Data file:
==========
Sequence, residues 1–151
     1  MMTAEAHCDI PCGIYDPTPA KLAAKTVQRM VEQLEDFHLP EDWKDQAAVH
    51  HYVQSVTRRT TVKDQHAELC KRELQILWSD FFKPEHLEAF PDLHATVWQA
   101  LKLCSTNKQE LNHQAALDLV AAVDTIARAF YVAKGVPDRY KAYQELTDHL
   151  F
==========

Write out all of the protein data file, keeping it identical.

Sequence, residues 1–151
     1  MMTAEAHCDI PCGIYDPTPA KLAAKTVQRM VEQLEDFHLP EDWKDQAAVH
    51  HYVQSVTRRT TVKDQHAELC KRELQILWSD FFKPEHLEAF PDLHATVWQA
   101  LKLCSTNKQE LNHQAALDLV AAVDTIARAF YVAKGVPDRY KAYQELTDHL
   151  F